Life Sciences Research for Lifelong Health

Nicholas Ktistakis

Research Summary

Autophagy (from the Greek self-eating) is a cellular mechanism which generates nutrients for the cell, primarily during times of starvation. Autophagy is also used to eliminate cell material that becomes damaged, leading to a periodic clean-up of the cell interior. Although it is a response by single cells, it is also very important for the health of an organism.

When autophagy is suppressed cells exhibit signs of oxidative damage because their dysfunctional mitochondria cannot be removed and continue to produce reactive oxygen species. Similarly, suppression of autophagy causes the build-up of mutant proteins that cause neurodegenerative disorders.

Autophagy is also critical for the neonatal period: animals which lack autophagy die soon after birth because they cannot generate nutrients during that time. Finally, autophagy is critical for the extension of lifespan in all organisms studied, and is therefore a significant factor that affects healthy ageing. The pathway of autophagy starts when a novel double membrane vesicle called an autophagosome is formed in the cell interior.

We have shown that one of the signals for formation of autophagosomes is the synthesis of a lipid called PI3P which leads to formation of omegasomes. These are membrane extensions of the endoplasmic reticulum, from which some autophagosomes emerge. We are studying exactly how this happens, both in terms of signals and of how the intermediate structures eventually lead to an autophagosome.

Latest Publications

Selective Autophagy of Mitochondria on a Ubiquitin-Endoplasmic-Reticulum Platform.
Zachari M, Gudmundsson SR, Li Z, Manifava M, Shah R, Smith M, Stronge J, Karanasios E, Piunti C, Kishi-Itakura C, Vihinen H, Jokitalo E, Guan JL, Buss F, Smith AM, Walker SA, Eskelinen EL, Ktistakis NT

The dynamics and coordination between autophagy machinery and selective receptors during mitophagy are unknown. Also unknown is whether mitophagy depends on pre-existing membranes or is triggered on the surface of damaged mitochondria. Using a ubiquitin-dependent mitophagy inducer, the lactone ivermectin, we have combined genetic and imaging experiments to address these questions. Ubiquitination of mitochondrial fragments is required the earliest, followed by auto-phosphorylation of TBK1. Next, early essential autophagy proteins FIP200 and ATG13 act at different steps, whereas ULK1 and ULK2 are dispensable. Receptors act temporally and mechanistically upstream of ATG13 but downstream of FIP200. The VPS34 complex functions at the omegasome step. ATG13 and optineurin target mitochondria in a discontinuous oscillatory way, suggesting multiple initiation events. Targeted ubiquitinated mitochondria are cradled by endoplasmic reticulum (ER) strands even without functional autophagy machinery and mitophagy adaptors. We propose that damaged mitochondria are ubiquitinated and dynamically encased in ER strands, providing platforms for formation of the mitophagosomes.

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Developmental cell, , 1878-1551, , 2019

PMID: 31353311

Who plays the ferryman: ATG2 channels lipids into the forming autophagosome.
Ktistakis NT

Expansion of the autophagosomal membrane requires a mechanism to supply lipids while excluding most membrane proteins. In this issue, Valverde et al. (2019. https://doi.org/10.1083/jcb.201811139) identify ATG2, a member of the autophagy-related protein family, as a lipid transfer protein and provide important novel insights on how autophagosomes grow.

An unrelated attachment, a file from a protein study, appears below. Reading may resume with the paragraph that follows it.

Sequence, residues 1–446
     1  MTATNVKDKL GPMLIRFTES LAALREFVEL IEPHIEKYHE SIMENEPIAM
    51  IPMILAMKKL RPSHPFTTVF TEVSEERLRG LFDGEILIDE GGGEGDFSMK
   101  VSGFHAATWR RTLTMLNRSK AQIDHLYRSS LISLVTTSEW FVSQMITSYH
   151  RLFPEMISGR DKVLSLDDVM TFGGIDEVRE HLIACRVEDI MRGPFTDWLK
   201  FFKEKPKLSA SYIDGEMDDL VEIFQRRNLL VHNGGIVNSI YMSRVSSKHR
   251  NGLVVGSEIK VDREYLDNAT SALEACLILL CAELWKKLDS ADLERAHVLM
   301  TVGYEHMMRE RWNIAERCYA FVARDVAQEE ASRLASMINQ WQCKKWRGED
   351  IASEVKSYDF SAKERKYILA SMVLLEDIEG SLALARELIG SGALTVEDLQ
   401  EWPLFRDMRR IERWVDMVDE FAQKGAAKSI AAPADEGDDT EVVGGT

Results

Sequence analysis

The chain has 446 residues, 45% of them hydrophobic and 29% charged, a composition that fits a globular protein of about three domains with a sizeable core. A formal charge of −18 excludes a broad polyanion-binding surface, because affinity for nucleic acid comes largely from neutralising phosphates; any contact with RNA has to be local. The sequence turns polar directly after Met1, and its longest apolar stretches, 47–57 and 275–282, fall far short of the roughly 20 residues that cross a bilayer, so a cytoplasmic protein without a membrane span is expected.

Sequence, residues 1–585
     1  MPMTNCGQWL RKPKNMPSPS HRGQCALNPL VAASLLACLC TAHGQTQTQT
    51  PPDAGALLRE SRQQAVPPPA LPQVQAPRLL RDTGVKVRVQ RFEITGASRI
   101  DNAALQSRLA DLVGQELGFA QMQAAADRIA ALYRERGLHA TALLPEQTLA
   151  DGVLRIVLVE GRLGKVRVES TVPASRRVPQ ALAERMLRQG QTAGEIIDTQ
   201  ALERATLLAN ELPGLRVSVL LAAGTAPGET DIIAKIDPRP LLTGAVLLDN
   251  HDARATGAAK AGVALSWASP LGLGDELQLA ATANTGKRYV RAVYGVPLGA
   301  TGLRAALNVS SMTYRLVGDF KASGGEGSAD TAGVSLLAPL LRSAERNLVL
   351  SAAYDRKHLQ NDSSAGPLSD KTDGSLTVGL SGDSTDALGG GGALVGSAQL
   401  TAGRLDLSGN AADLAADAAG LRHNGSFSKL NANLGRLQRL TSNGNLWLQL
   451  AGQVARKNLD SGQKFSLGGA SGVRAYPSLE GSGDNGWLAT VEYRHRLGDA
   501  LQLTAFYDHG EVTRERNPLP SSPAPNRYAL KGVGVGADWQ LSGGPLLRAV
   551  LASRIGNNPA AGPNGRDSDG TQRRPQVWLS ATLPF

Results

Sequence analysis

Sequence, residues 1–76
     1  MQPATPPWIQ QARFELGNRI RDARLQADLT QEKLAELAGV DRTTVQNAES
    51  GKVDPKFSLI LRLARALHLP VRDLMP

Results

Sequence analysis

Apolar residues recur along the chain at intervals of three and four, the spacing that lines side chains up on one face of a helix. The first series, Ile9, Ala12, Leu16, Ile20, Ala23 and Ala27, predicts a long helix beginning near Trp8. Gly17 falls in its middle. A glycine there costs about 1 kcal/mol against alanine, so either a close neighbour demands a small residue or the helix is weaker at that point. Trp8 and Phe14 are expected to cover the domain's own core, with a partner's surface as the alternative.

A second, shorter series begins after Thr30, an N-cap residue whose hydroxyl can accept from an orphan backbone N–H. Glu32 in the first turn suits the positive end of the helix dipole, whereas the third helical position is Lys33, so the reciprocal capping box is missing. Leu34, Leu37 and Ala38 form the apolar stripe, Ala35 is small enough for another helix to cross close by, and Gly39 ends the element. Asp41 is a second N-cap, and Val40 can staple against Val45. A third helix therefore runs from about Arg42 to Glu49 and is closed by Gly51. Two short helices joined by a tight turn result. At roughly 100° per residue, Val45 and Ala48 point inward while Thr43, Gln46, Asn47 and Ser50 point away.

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The Journal of cell biology, , 1540-8140, , 2019

PMID: 31076453

ER platforms mediating autophagosome generation.
Ktistakis NT

The origin of the autophagosomal membrane started to be debated by scientists working in the field within one year of the modern definition of autophagy in 1963. There is now converging evidence from older and newer studies that the endoplasmic reticulum is involved in formation of autophagosomes. Thus, it is possible to trace from early morphological work - done without the benefit of molecular descriptions - to recent studies - dissecting how specific proteins nucleate autophagosome biogenesis - a long series of experimental findings that are beginning to answer the 55-year old question with some confidence. The view that has emerged is that specialised regions of the endoplasmic reticulum, in dynamic cross talk with most intracellular organelles via membrane contact sites, provide a platform for autophagosome biogenesis.

+ View Abstract

Biochimica et biophysica acta. Molecular and cell biology of lipids, , 1879-2618, , 2019

PMID: 30890442

Group Members

Latest Publications

Selective Autophagy of Mitochondria on a Ubiquitin-Endoplasmic-Reticulum Platform.

Zachari M, Gudmundsson SR, Li Z

Developmental cell
1878-1551: (2019)

PMID: 31353311

Who plays the ferryman: ATG2 channels lipids into the forming autophagosome.

Ktistakis NT

The Journal of cell biology
1540-8140: (2019)

PMID: 31076453

ER platforms mediating autophagosome generation.

Ktistakis NT

Biochimica et biophysica acta. Molecular and cell biology of lipids
1879-2618: (2019)

PMID: 30890442

Phosphorylation of Syntaxin 17 by TBK1 Controls Autophagy Initiation.

Kumar S, Gu Y, Abudu YP

Developmental cell
1878-1551: (2019)

PMID: 30827897

Assembly of early machinery for autophagy induction: novel insights from high resolution microscopy.

Ktistakis NT, Walker SA, Karanasios E

Oncotarget
1949-2553: (2016)

PMID: 27829241

Dynamics of mTORC1 activation in response to amino acids.

Manifava M, Smith M, Rotondo S

eLife
5 2050-084X: (2016)

PMID: 27725083

Characterization of Atg38 and NRBF2, a fifth subunit of the autophagic Vps34/PIK3C3 complex.

Ohashi Y, Soler N, García Ortegón M

Autophagy
1554-8635:0 (2016)

PMID: 27630019